Wednesday, March 2, 2011

Neuroscience, Transportation and Zeisel's Inquiry by Design

Zeisel’s Inquiry by Design proposes research methods from a process-oriented design perspective. The book provides well-organized research methods and case studies as examples. Zeisel’s methods focus on the intended users of the space. He examines the operations of the inhabitants, and how they are impacted socially, physically and neurologically within space.

Zeisel acknowledges the barriers when trying to design for the real users. Often architects deal with the client at a high-level, not necessarily those that use the space day-to-day. The architect must walk a fine line providing the best services to the client yet designing a space that is functional and user-friendly for the actual inhabitants. This concept can be seen easily in the transportation realm, where pedestrians and cyclists are often not consulted or considered in the design of streets. Therefore, in the final design, the roadway is built for a single-user i.e. the motorist.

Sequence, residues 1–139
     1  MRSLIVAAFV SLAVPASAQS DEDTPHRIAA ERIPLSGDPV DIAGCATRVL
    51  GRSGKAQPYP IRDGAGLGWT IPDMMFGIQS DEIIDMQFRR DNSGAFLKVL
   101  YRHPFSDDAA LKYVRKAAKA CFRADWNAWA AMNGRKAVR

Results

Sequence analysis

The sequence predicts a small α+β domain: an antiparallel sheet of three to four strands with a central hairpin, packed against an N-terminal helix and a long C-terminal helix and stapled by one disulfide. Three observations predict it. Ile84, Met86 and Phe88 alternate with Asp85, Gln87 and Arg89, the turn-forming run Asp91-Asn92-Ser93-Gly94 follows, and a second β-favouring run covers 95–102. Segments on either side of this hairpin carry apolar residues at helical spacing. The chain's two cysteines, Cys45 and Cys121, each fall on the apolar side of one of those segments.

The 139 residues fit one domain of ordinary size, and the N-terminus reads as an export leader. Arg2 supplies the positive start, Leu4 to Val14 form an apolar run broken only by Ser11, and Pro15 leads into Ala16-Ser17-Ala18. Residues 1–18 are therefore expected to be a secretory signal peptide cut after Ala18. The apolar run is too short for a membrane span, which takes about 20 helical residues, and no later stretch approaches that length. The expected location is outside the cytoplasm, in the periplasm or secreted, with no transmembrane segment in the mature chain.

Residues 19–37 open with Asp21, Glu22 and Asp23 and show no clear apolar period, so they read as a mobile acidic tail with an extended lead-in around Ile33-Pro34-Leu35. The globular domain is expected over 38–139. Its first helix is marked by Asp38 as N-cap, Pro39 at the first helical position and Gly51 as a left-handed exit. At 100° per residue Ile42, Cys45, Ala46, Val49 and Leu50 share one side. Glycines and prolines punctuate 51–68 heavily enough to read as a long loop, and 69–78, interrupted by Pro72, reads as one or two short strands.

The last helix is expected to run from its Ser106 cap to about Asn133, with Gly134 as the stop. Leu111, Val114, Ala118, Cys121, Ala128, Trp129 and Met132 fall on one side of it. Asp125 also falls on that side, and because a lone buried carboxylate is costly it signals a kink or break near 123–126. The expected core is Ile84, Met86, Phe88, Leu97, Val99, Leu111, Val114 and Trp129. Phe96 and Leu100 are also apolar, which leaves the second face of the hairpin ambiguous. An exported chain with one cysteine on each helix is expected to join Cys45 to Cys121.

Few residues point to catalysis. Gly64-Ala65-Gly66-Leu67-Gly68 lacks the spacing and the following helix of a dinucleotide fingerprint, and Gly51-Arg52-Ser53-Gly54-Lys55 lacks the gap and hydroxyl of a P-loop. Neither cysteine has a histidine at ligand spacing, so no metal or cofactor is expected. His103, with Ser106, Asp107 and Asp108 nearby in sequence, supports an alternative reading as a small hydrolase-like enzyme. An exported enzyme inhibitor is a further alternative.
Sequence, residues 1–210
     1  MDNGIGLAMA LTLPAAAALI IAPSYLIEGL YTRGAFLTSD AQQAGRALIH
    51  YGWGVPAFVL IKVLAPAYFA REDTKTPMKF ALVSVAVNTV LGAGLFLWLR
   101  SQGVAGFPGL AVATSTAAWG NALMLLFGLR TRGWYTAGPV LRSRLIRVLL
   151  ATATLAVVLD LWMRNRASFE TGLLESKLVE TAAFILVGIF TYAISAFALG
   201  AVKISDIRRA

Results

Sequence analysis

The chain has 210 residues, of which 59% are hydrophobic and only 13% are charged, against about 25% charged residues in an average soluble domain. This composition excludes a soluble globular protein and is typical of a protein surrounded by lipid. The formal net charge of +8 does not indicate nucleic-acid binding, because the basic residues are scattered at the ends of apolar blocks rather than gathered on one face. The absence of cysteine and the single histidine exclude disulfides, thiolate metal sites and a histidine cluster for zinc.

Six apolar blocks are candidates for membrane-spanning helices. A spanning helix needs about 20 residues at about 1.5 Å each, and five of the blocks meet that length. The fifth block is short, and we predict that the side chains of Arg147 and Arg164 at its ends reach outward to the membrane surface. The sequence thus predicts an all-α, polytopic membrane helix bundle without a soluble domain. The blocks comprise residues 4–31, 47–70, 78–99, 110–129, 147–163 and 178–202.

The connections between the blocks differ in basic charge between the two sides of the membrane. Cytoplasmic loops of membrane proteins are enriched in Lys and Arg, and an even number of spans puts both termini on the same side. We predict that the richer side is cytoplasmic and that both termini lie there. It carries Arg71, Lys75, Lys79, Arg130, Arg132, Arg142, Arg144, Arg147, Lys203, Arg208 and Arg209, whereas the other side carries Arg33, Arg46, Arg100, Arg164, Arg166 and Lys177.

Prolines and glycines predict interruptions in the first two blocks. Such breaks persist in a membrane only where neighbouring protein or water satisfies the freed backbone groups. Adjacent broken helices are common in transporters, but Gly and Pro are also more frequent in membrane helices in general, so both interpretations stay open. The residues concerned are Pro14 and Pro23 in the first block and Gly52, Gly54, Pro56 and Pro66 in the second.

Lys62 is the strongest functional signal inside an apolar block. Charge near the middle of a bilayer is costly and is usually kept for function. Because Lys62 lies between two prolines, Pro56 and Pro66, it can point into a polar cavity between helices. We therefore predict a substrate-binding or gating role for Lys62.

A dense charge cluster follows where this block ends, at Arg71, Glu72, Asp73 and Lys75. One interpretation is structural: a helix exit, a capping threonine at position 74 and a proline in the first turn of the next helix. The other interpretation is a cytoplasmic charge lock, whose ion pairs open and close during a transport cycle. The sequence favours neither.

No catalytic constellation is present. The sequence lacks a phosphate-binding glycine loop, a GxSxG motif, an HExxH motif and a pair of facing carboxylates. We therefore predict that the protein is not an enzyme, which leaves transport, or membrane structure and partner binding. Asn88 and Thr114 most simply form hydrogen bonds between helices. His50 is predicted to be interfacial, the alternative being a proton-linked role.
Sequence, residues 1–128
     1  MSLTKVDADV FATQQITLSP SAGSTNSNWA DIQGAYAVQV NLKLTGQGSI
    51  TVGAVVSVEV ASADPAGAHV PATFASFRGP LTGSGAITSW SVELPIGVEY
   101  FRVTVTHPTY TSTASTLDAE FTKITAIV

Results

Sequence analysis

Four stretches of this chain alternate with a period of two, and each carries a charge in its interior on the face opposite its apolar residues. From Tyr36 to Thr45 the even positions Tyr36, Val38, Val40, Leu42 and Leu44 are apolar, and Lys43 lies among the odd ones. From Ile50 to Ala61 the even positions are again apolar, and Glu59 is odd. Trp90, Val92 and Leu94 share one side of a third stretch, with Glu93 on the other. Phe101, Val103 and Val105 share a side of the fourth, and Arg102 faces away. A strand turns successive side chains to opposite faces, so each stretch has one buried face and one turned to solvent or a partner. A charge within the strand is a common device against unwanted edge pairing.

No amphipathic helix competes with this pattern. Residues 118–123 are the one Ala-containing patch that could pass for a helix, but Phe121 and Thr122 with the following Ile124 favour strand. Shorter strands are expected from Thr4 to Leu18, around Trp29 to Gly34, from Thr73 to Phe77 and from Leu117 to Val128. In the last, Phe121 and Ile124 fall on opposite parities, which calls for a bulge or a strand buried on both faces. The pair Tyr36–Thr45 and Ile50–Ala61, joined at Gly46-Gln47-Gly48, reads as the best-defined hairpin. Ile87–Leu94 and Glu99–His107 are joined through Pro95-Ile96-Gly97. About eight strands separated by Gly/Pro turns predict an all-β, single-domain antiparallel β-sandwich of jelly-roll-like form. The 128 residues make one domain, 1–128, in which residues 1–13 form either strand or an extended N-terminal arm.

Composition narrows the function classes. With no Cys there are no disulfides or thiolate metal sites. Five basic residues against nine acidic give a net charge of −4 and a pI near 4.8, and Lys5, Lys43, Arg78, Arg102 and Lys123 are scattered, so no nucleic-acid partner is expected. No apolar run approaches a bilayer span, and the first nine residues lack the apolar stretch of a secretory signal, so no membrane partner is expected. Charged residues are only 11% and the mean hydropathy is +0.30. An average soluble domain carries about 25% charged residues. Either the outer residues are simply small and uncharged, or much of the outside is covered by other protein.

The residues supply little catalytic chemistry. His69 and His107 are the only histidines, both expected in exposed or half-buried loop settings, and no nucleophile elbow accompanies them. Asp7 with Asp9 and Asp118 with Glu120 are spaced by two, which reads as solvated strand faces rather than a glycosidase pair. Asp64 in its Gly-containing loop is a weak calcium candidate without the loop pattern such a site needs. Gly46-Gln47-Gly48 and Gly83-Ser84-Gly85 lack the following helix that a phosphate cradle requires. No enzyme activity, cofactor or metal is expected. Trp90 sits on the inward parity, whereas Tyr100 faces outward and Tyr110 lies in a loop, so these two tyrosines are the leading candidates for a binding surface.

An Inquiry by Design is a rare book that blends design with cognitive studies, specifically examining how we impacted by our built environment. A new wave of designers and scientists are blending neuroscience and architecture; however, few seem interested in applying these techniques to the transportation realm. If the design of our environment links to our subconscious, a new area of research could examine how to entice people to walk and bike from a neurological perspective. We have the potential to monitor brain activity in conjunction with changes in the urban environment and therefore could examine the direct impacts on humans – while eliminating the biases from observation or survey methods.